|Vitamin B12, Cobalamin||0||0|
|Vitamin C, Ascorbic Acid (mg)||91.3||5.6|
Broccoli vs Asparagus Health Comparison
Broccoli and asparagus are not energy-dense foods. But they contain several bioactive compounds, minerals, and vitamins that have vital health benefits.
The nutritional composition of broccoli and asparagus is similar. However, just like the shared nutritional similarities, they also possess unique differences. And we will look at these similarities and differences in detail based on available scientific findings.
Asparagus Contains More Antioxidants
Oxidative stress contributes to cardiovascular diseases, diabetes, cancer, cognitive impairment, and aging (4) (5). Antioxidants are crucial in preventing our body from oxidative stress by scavenging free radicals.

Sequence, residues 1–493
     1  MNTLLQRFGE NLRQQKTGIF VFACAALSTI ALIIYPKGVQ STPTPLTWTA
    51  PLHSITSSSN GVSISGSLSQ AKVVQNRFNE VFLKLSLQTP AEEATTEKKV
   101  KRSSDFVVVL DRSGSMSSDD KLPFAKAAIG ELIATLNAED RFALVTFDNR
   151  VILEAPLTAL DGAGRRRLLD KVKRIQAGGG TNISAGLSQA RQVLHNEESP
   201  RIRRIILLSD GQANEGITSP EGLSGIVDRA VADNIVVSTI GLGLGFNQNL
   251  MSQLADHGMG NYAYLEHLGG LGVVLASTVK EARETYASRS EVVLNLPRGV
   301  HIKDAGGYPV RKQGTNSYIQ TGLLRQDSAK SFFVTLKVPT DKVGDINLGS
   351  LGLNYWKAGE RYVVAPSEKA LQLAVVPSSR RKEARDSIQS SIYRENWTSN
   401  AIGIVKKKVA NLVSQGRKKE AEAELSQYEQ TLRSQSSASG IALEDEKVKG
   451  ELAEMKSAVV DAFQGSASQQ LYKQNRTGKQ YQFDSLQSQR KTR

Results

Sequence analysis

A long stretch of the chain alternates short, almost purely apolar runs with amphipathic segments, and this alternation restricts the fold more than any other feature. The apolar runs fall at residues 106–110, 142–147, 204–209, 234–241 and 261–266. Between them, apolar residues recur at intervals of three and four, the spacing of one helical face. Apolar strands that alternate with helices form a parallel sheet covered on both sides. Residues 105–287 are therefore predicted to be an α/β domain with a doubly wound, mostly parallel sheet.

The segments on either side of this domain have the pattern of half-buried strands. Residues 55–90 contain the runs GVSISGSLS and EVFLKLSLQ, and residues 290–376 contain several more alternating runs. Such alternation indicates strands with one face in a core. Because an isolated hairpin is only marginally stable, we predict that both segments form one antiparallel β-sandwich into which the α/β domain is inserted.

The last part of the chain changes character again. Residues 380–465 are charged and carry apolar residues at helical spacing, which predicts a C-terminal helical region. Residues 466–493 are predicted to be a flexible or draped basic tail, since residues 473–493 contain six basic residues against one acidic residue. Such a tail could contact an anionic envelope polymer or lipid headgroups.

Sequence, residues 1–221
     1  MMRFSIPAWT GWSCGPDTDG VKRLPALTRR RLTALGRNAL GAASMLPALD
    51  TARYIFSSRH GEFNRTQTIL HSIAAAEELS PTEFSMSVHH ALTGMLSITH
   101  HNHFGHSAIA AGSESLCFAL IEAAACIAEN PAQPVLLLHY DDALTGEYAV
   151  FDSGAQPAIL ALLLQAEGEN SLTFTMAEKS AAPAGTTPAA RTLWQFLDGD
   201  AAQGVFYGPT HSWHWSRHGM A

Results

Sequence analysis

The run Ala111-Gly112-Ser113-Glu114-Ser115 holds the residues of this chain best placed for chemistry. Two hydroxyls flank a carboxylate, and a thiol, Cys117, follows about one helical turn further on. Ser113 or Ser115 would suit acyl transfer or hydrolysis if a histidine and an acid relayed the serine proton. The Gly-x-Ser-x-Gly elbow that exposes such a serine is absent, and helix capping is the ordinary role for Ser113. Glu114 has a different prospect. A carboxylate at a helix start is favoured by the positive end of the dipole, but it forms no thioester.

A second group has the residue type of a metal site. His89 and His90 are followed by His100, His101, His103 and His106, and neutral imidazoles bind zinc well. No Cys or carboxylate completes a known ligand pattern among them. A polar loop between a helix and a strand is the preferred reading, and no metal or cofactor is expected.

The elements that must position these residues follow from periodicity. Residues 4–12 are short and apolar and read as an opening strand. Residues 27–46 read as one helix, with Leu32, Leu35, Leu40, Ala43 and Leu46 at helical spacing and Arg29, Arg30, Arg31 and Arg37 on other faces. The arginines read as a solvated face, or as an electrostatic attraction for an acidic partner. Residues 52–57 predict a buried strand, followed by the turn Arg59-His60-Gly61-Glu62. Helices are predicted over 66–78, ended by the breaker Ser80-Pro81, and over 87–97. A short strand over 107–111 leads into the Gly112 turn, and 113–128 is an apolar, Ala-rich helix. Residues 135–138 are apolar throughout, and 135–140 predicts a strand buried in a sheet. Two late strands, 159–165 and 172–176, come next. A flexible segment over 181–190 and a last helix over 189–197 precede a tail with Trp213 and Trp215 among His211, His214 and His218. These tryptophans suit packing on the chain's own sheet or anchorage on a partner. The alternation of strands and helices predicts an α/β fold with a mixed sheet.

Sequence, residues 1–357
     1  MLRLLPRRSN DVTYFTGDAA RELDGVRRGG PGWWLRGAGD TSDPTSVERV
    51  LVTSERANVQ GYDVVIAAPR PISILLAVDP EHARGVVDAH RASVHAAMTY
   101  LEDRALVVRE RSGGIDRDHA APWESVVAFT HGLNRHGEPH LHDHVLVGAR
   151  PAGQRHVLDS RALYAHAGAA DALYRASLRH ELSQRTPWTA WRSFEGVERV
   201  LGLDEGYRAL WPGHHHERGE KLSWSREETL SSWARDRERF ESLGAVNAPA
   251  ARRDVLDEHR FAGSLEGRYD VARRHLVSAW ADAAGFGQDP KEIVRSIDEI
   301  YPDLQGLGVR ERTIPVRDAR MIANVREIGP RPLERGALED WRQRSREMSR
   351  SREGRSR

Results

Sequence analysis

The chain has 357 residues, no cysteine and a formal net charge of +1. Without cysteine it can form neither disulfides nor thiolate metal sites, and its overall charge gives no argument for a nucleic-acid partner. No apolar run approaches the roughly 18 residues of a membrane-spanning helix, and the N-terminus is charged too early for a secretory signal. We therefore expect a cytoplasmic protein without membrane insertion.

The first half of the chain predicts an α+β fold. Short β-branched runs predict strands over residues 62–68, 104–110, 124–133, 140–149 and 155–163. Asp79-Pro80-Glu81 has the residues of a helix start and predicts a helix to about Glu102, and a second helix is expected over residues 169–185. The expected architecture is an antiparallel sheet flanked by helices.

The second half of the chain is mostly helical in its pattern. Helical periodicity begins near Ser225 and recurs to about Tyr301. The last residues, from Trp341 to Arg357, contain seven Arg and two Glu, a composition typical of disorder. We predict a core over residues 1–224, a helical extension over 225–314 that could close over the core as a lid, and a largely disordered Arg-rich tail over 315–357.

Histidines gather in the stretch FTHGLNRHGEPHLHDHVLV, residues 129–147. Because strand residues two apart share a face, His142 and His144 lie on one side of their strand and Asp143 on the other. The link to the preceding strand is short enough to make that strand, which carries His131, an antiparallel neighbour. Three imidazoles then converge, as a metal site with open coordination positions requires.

Both asparagus and broccoli have high antioxidant activity (6). This is because of antioxidants like vitamin E, vitamin C, carotenes, flavonoids, and polyphenols in these vegetables.
According to comparative studies, asparagus has a higher antioxidant activity than broccoli (7) (8). The difference in the concentration of total phenolic compounds between asparagus and broccoli is not significant. Asparagus, however, contains more flavonoids than broccoli (3- to 5x higher) (9).
Asparagus contains several bioactive compounds including polyphenols, alkaloids, sterols, flavonoids, saponins, hydrocinnamic acids, and fructans (10).
These bioactive components allow asparagus to play several biological roles as an antioxidant, anti-inflammatory, immunostimulant, antihepatotoxic, antibacterial, and antioxytocic (11).
Both May Help Prevent Certain Cancers
The incorporation of cruciferous vegetables like broccoli in the diet has been shown to reduce the risk of different cancers. (12)
The anticancer potential of cruciferous vegetables is associated with bioactive compounds like isothiocyanates, indol-3-carbinol, and sulphoraphane (13).
Several animal studies indicated an inverse association of bioactive compounds in broccoli with: